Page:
Splashing around with open data can result in more questions than answers, but perhaps that's the point...
The shiny new (and green) data.gov.uk launched today, along with a white paper on open data from Cabinet Office: this will hopefully further enflame our collective enthusiasm, as citizens and in our professional lives, for using and supplying open data. The Trust will be launching our latest State of Art review on ‘Charities and Open Data’ in a couple of weeks, and we’re continuing our efforts to incorporate open data into our work.
Most recently, with a focus on the recently launched 'Digital Edge' - "a £2 million investment programme to fund new ideas for using digital technology to improve young people’s economic and social participation" - I have been exploring two questions:
· How can open data inform us, potential applicants and successful applicants to the Digital Edge programme?
· How can we use data about potential applicants to inform our decisions?
My first move was to gamely dive into the copious amounts of open government data relating to young people: unemployment, NEETS, school absence rates. With a bit of fiddling about the data soon starts telling some stories: for example, rates of 'persistent absence' from school are consistently higher for secondary school students on free school meals ('FSM') -
and the change in rates of unemployment amongst 16-24 year olds vary widely across different regions and, in some cases, between men and women -
But what can we do with such nuggets? Are they a strong enough basis for prioritising projects working with certain beneficiary groups or in certain regions? My answer would be clearly not: they are better seen as indicators of issues which need further investigation. They are very general 'what's seriously lacking in 'why's and, hence, incapable of generating plausible 'how's in isolation from other forms of more specific insight.
Open data tools such as Open Data Communities and Seme4 are pretty accessible and allow for more fine-grained discovery of government data pertaining to your area, and may have a useful role in providing us with a consistent basis for assessing applicants' claims about the need for their project. Yet the feeling remains that in being guided by what has been counted we risk missing what counts: with an ambition to 'dig deeper into the problems and addressing the root causes', we need the projects in Digital Edge programme to challenge and expand upon the data that's already out there, rather than use it to define the issue or provide unexamined indicators of success.
The work by m'colleague Kieron on developing an eloquent approach to evaluation is therefore crucial. Taking a thorough, creative look at how projects can be shaped and improved by the data they collect and share gives us the opportunity to add colour and connotation to our current understanding of the challenges and the most effective ways in which they can be addressed.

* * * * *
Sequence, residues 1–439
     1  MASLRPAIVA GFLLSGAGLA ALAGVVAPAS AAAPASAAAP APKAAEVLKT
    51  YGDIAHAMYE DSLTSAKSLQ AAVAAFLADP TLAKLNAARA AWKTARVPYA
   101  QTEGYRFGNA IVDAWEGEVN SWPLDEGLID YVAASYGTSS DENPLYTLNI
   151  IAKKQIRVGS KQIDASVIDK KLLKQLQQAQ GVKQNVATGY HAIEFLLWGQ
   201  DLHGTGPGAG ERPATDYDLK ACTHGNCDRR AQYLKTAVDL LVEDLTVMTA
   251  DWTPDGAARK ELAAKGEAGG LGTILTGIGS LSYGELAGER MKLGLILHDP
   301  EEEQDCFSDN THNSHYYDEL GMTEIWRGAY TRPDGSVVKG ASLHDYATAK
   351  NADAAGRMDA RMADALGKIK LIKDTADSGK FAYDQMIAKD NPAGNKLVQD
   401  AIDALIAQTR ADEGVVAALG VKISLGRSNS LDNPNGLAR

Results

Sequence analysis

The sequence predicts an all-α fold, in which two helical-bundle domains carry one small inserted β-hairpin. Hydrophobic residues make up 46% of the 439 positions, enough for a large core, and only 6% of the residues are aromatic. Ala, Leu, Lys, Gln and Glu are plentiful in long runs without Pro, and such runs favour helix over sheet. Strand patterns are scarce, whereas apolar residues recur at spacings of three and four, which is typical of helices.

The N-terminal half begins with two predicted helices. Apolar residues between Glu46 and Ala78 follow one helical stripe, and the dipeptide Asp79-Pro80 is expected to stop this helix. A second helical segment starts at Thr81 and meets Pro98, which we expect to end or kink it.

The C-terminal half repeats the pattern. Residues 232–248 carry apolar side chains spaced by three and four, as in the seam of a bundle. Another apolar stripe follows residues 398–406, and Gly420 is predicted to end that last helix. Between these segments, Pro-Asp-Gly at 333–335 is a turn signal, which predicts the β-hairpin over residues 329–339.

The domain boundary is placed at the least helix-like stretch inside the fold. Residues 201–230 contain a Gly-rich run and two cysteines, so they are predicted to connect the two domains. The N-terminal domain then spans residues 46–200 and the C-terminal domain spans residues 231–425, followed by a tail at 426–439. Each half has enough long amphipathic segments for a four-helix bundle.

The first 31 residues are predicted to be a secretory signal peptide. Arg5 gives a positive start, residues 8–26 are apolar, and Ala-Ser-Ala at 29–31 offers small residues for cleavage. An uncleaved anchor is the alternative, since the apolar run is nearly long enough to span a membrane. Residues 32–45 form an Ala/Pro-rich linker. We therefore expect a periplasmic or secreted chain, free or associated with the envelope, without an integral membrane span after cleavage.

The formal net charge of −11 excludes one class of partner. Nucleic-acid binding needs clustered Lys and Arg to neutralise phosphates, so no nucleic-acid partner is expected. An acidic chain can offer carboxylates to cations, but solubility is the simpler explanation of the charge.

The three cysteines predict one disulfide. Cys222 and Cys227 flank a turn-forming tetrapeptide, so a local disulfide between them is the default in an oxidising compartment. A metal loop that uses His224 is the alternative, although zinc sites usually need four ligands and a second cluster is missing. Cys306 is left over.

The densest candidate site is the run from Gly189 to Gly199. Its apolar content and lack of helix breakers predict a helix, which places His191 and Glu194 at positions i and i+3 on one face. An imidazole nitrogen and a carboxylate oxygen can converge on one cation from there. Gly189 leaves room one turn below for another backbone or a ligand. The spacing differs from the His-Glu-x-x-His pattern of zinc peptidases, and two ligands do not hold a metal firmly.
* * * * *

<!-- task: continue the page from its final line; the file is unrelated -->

As for the data we can pull together about applicants, the potential demonstrated by Chris Taggart's open triptych - opencharities, opencorporates and openlylocal - is exciting, but needs further elaboration and coordination to exert greater influence on funders' decisions. Armed with a charity registration number and/or company number, you can start to 'pull in' data about an organisation's location, trustees, accounts, funding from Local authorities and activities: but there are significant gaps, notably in data about charitable grant funding, project descriptions and meaningful evaluation data.
There is a clear opportunity here for funders and applicant organisations to build on the 'spine' of basic data already available by beginning to systematically share increasingly detailed outcomes data in a structured way. The shift should be from being able to say ‘who got how much’ to ‘what happened’ (and what is the evidence that it was effective). Regarding the 'spine', the Charity Commission's current consultation reviewing information collected from Charities is significant: while it's probably unlikely they'll banish PDFs in one fell swoop, it can't hurt to ask.... As for the other end, collecting deeper, richer outcomes data is in the gift of funders and the organisations we support: opening up what's already out there and building confidence in sharing what's to come is an exciting shared challenge.
We're taking up this challenge and we're not alone. The first build of 'openly.org.uk' is getting underway over the summer, and our friends at Big Lottery and NCVO continue to support our efforts and develop their own opening moves. I expect to see more and more of our voluntary sector colleagues taking the open data plunge over the next year, splashing around and starting, as we are, to swim.